Common sense says that, of course, the outcome of a measurement on a quantum system cannot be affected by what base we choose to represent it in. However, while studying QM text, it seems like they sometimes just almost suggest it... My question is quite vague, so let me instead give you an example which I think contains most of my confusion.

Consider a system in a basis of simultaneous eigenstates of $L^2$ and $L_z$, with respective eigenvalues $l(l+1)\hbar^2$ and $m\hbar$. Let $\mathbf{\hat{n}}$ be a unit vector in a direction specified by polar angles ($\theta,\phi$).

Clearly $L_n = \sin\theta\cos\phi L_x+\sin\theta\sin\phi L_y +\cos\theta L_z$

Now I have two slightly different questions:

  1. What are the possible results of a (precise) measurement of $L_n$, $L_n^2$?
  2. What are the possible expectation values of $L_n$, $L_n^2$

I would tell you

  1. $m\hbar$, $l(l+1)\hbar^2$ or maybe $m \hbar \cos\theta$, but this would mean that my choice of direction in space affected the outcome of the measurement?
  2. No idea and makes me question my answer to 1) again...
  • $\begingroup$ If you have a state that is an eigenstate of $L_z$, then it will not be an eigenstate of $L_n$ that you define above, since $L_x$, $L_y$, and $L_z$ don't commute, and therefore the measured value could be anything. I think what you mean to do is to do a coordinate change, but then you also need to transform the state in the same way you transformed the operators, such that if $\phi$ was an eigenvector of $L_z$ the new $\phi'$ is an eigenvector of $L_n$. After this you'll get exactly the same results. $\endgroup$
    – Stan
    May 26 '16 at 8:46

Phenomena in quantum mechanics may be expressed using any basis (that's the English word for the set of vectors, not a "base"). It doesn't mean that all bases are equally useful for a given situation. In particular, a fundamental postulate of quantum mechanics says that right after every measurement, the system is found in one of the eigenstates of the observable that was just measured.

That's why the basis of the eigenstates of $K$ is obviously more useful to describe the measurement of $K$ than other bases. Note that which basis is useful – or which basis describes possible post-measurement state – does depend on the kind of a measurement we decide to perform. This dependence of the "right analysis of the physical system" on the chosen way of observing it is really a main point of quantum mechanics.

If the physical analysis could be made independently of the nature of observations, the theory would be by definition classical physics, not quantum mechanics. Such independence on the observations could be called "common sense" by someone – but that changes nothing about the fact that Nature contradicts this assumption.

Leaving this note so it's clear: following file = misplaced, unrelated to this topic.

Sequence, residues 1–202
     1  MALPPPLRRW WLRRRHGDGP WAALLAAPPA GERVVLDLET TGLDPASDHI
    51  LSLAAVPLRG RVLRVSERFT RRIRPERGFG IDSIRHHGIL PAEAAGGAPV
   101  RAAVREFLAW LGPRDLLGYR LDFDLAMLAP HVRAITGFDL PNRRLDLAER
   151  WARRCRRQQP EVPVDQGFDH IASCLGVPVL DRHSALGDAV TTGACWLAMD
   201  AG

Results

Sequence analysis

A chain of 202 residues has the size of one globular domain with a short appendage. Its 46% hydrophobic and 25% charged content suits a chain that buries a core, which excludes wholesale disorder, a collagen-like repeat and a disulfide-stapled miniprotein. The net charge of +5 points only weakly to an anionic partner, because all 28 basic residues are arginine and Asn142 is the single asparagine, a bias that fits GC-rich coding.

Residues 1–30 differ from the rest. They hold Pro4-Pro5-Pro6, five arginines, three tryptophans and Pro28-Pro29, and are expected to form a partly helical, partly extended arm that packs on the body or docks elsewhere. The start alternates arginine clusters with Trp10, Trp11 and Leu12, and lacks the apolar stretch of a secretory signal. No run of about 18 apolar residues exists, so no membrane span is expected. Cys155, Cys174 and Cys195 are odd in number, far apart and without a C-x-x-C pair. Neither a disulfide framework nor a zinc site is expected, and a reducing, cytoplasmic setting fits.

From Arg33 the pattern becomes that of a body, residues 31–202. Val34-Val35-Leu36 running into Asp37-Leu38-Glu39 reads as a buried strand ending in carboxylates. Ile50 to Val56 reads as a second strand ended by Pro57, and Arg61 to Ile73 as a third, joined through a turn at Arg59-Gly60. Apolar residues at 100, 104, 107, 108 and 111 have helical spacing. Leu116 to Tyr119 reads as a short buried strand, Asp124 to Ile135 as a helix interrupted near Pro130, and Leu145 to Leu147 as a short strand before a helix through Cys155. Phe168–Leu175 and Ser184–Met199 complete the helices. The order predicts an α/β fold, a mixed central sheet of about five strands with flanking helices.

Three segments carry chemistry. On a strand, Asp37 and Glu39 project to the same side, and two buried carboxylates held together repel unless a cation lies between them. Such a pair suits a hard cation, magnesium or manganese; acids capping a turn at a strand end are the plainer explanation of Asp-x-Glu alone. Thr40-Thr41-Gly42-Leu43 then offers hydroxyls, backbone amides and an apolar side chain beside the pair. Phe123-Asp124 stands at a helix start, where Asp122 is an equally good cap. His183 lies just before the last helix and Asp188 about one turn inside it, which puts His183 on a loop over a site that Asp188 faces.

1. $L_n$ always has eigenvalues $m\hbar$ where $m$ is an integer. $L_n^2$ has eigenvalues $m^2\hbar^2$ – because it's just the square of the operator from the previous sentence. This shouldn't be confused with $L^2$ which has the eigenvalues $\ell(\ell+1)\hbar^2$ where $\ell=0,1,2,3,\dots$ $L^2$ may always be measured simultaneously with any $L_n$ and in that case, $m\in\{-\ell, -\ell+1,\dots, \ell-1,\ell\}$.

  2. The expectation value of any operator may be any number from the interval between the lowest and highest eigenvalue. So if we measure $L^2$ and $L_n$ at the same moment, then $\langle L_n\rangle$ may be any real number between $-\ell$ and $+\ell$.

Note that for every $\vec n$, the spectrum of $L_n$ is the same. For all choices of $\vec n$, the operators $L_n$ are conjugate to each other i.e. $$\exists U\in U({\mathcal H}):\quad L_{n'} = U L_n U^\dagger $$ Here, the operator $U$ is an operator on the Hilbert space that represents a rotation that turns the $\vec n$ axis to $\vec n'$ (passively or actively, one would have to be careful).

The corresponding eigenstates of $L_n$ and $L_{n'}$ are also conjugate to each other – but the detailed sets of eigenvectors are different. So when we measure $L_n$, we bring the system to one of the basis vectors of $L_n$ by the measurement, and if we measure $L_{n'}$, the candidate post-measurement states are elements of the basis of different eigenvectors.

  • $\begingroup$ One question about 2 though, if we are talking about the expectation value of $L_n$ in a simultaneous eigenstate of $L_z$ and $L^2$, so $\langle l m_l \vert L_n \vert l m_l \rangle$, does your answer to 2) remain the same? $\endgroup$ May 26 '16 at 8:53
  • $\begingroup$ I was and had to be talking about simultaneous eigenstates of $L^2$ and $L_n$, otherwise the symbol $\ell$ wouldn't have meant anything. On the contrary, if you didn't guarantee that the state was an eigenstate of $L^2$, I could only say that the expectation value of $L_n$ is any real number because $\ell$ would be unbounded. $\endgroup$ May 26 '16 at 8:56
  • $\begingroup$ Very clarifying answer +1! $\endgroup$ May 26 '16 at 8:57

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